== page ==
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A patient has been admitted with pleural effusion. How should talc be administered?

Pleurodesis is a procedure used to treat recurrent pleural effusion or pneumothorax.

Talc is the chemical sclerosant of choice for pleurodesis based on efficacy. Since January 2008, the Medicines and Healthcare products Regulatory Agency has classified talc as a medicinal product. National guidelines recommend the use of 4g or 5g of sterile-grade talc in 50ml sodium chloride 0.9%. The talc slurry is administered into the pleural space via a chest drain.

Intrapleural administration of sclerosing agents may be painful. Discomfort can be reduced by administering a local anaesthetic through the drain before pleurodesis. The most frequently studied local anaesthetic for intrapleural administration is lidocaine.

Analgesia should also be given to the patient after the procedure; however, non-steroidal anti-inflammatory drugs, cyclo-oxygenase-2 inhibitors and oral/intravenous corticosteroids should not be administered for 48 hours before and up to five days after the procedure, because these may reduce the pleura’s inflammatory response to the talc.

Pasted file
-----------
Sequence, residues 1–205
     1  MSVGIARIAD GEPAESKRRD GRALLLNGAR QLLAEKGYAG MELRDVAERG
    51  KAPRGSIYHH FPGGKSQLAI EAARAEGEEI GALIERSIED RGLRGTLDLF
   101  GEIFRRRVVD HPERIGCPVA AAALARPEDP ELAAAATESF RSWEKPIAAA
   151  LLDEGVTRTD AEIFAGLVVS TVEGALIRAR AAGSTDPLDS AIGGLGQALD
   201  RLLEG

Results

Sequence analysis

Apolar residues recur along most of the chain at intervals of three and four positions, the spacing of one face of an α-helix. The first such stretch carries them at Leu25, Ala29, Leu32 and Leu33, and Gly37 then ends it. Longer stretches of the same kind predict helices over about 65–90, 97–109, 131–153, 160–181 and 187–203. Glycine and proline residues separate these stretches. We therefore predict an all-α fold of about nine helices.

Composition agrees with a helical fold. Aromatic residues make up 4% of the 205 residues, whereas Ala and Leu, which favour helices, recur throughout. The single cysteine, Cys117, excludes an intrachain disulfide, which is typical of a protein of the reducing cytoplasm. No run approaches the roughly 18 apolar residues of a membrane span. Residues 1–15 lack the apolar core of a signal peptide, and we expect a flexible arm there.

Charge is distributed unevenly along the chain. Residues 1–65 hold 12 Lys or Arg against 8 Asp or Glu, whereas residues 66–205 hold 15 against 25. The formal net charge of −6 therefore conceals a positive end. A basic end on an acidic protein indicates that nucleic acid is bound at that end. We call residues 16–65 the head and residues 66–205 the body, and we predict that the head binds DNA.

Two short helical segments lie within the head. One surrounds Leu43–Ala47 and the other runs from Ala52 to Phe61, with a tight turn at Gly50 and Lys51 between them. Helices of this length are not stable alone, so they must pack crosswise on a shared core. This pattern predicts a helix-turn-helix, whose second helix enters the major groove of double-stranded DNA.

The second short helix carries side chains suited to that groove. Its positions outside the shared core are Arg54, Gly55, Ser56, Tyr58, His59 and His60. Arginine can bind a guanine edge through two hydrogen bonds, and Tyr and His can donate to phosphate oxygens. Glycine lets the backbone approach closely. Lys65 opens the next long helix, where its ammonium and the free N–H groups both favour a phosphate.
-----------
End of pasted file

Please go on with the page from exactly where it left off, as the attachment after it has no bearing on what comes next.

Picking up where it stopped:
There are no recommendations for monitoring within UK guidelines, but the following parameters can be considered: respiratory rate, temperature, pulse, oxygen saturation, blood pressure, chest pain and attributes of the fluid in the drain bottle (eg, colour, volume, bubbling, swinging).

All suspected adverse effects from the use of talc should be reported to the MHRA via its yellow card scheme.

Citation: Clinical Pharmacist URI: 11096168

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